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Latin America poised to benefit as U.S. raises exports of COVID-19 shots – sources

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Latin America is poised to receive millions of U.S.-made COVID-19 shots in the coming weeks as the United States emerges as a top exporter of vaccines against the novel coronavirus, according to two people familiar with the matter.

The United States is considering prioritizing countries within its own hemisphere for the 80 million domestically-made vaccine doses it has pledged to send abroad, one person familiar with the matter said.

Meanwhile, Pfizer Inc has begun exporting millions of its U.S.-made shots largely to countries in Central and South America, a second person familiar with the matter said.

Many Latin American countries have a dire need for COVID-19 vaccines as they combat outbreaks. Brazil has been one of the world’s hardest hit countries by the pandemic, reporting a total of more than 15 million cases and 400,000 deaths as of this week.

Pfizer, which developed its vaccine with German partner BioNTech SE, is producing around 10 million shots in the United States each week for export as its domestic output pulls ahead of U.S. demand for vaccines, the second person said.

The drugmaker is making shipments from its Michigan facility to U.S. neighbors Canada and Mexico, as well as nearly 10 other Latin American countries, the person said.

Recent recipients of Pfizer’s U.S.-made vaccine doses include Brazil, Costa Rica, Ecuador, Peru, and Uruguay, the person added.

The White House is still deliberating how to direct the shots it promised to send abroad and President Joe Biden has not yet made a decision. But giving preference to countries that share a hemisphere with the United States is one argument under consideration because it would be in the American people’s interest to do so, the first person said.

The criteria for sharing the vaccine would be epidemiological and include geographic flexibility so that adjustments could be made as the pandemic shifts, another person familiar with the matter said.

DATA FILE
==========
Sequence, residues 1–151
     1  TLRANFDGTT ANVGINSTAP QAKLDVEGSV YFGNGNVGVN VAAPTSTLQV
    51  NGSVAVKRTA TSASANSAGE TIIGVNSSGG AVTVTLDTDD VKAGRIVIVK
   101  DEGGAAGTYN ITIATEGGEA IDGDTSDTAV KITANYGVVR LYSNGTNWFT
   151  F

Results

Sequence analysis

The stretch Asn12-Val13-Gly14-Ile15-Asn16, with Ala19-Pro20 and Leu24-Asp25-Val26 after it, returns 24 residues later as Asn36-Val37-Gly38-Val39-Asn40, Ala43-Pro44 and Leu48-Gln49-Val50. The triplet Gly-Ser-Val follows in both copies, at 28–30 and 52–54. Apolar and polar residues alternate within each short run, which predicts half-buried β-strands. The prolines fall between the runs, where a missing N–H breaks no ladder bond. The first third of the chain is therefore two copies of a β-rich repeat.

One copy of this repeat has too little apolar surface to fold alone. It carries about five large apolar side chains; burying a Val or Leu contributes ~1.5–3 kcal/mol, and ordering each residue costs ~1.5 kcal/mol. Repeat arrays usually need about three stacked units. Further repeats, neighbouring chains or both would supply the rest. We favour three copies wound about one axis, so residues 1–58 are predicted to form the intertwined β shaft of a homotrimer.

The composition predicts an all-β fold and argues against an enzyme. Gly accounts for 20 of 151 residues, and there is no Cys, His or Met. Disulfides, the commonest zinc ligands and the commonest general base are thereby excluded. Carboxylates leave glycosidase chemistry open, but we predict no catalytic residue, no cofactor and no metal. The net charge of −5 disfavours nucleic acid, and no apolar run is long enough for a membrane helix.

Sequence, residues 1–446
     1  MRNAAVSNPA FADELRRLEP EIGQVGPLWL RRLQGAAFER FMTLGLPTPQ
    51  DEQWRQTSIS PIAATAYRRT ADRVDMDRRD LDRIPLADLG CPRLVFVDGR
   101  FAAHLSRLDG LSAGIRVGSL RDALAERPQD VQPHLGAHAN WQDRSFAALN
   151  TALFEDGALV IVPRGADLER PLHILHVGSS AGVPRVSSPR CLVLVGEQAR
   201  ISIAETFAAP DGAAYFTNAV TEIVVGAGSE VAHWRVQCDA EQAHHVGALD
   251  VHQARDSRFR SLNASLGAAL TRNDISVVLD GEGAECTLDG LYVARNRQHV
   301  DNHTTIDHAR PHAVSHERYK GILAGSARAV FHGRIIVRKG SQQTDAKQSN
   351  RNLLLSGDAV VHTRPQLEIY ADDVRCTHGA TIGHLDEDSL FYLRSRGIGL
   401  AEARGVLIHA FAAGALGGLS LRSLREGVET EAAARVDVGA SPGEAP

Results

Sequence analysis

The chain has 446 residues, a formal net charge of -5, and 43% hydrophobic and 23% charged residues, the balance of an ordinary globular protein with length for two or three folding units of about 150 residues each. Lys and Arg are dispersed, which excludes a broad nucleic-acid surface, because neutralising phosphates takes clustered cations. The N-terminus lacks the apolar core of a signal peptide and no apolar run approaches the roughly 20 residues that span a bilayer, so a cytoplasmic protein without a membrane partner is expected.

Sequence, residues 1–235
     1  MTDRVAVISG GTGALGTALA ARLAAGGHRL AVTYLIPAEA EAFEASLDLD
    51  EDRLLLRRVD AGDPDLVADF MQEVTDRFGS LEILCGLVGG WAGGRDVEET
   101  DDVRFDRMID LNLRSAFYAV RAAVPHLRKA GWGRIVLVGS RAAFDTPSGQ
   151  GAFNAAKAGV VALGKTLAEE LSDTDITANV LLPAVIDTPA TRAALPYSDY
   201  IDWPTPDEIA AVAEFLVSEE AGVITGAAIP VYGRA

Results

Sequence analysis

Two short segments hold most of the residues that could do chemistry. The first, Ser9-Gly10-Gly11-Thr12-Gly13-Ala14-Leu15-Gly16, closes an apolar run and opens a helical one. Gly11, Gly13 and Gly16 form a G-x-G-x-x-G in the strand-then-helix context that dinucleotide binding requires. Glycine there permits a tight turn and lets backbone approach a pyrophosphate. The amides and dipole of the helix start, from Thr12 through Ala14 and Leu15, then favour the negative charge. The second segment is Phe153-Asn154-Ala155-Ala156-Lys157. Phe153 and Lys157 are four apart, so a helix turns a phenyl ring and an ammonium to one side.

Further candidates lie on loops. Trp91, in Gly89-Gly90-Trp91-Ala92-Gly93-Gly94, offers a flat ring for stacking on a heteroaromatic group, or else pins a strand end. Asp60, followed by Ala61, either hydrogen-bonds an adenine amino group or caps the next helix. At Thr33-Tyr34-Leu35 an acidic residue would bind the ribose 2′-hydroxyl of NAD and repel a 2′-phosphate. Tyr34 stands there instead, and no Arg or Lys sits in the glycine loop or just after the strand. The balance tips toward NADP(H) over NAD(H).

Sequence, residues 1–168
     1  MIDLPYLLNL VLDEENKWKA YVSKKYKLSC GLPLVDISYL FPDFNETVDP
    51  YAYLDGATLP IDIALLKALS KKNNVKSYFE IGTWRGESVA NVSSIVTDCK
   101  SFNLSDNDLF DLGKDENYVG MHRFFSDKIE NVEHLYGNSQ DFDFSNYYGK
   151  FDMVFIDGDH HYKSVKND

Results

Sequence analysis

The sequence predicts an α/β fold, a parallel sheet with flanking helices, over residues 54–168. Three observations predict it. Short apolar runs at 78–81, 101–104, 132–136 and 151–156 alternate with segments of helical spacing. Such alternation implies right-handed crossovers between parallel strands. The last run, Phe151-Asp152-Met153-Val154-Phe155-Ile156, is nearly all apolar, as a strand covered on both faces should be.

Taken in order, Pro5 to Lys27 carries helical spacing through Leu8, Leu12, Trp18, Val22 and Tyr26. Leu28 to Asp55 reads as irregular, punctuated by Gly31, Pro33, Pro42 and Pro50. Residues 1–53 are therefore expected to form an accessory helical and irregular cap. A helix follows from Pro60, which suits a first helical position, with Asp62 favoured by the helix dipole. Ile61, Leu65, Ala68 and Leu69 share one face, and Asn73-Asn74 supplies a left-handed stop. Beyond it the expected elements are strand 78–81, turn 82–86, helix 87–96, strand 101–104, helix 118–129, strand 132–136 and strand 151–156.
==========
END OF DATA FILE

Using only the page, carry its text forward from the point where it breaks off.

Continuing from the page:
VACCINE DIPLOMACY

The United States is competing with China and Russia to deepen its ties around the world and further its geopolitical clout through so-called “vaccine diplomacy.”

Republican Senator and former presidential candidate Mitt Romney on Thursday urged the United States to speed up global vaccination sharing to better compete with global rivals.

Gayle Smith, the U.S. global coordinator on COVID-19, said on Wednesday that the United States will donate a significant number of COVID-19 vaccines through the COVAX program for distributing doses to poorer countries being co-led by the World Health Organization.

Pfizer is directing its U.S.-made shots to Latin America because of the region’s proximity to its manufacturing plants and because of the U.S. drugmakers’ goal of getting more shots to low and middle income countries, the second person said.

The United States is becoming a top supplier of COVID-19 shots to the world as the success of its own vaccination campaign has led to reduced demand at home.

More than 60% of U.S. adults have received at least one COVID-19 shot, according to federal data. Meanwhile, countries such as India and Brazil are struggling to obtain the doses they need to help bring severe outbreaks under control.

Brazil has only distributed enough shots so far to have vaccinated around 13% of its population, even as it records almost 65,000 new cases per day on average, according to Reuters data.

Biden said on Monday the White House will give out 20 million shots previously earmarked for U.S. residents by the end of June. They will include vaccines made by Pfizer, Moderna Inc and Johnson & Johnson.

The White House is also planning to give other countries around 60 million U.S.-made doses of AstraZeneca’s vaccine, which is not yet authorized for use in the United States.

Pfizer began exporting doses from its Kalamazoo, Michigan plant last month, with the first batch of shipments abroad going to Mexico. A deal with the White House last year had barred it from exporting doses until after March 31, Reuters reported.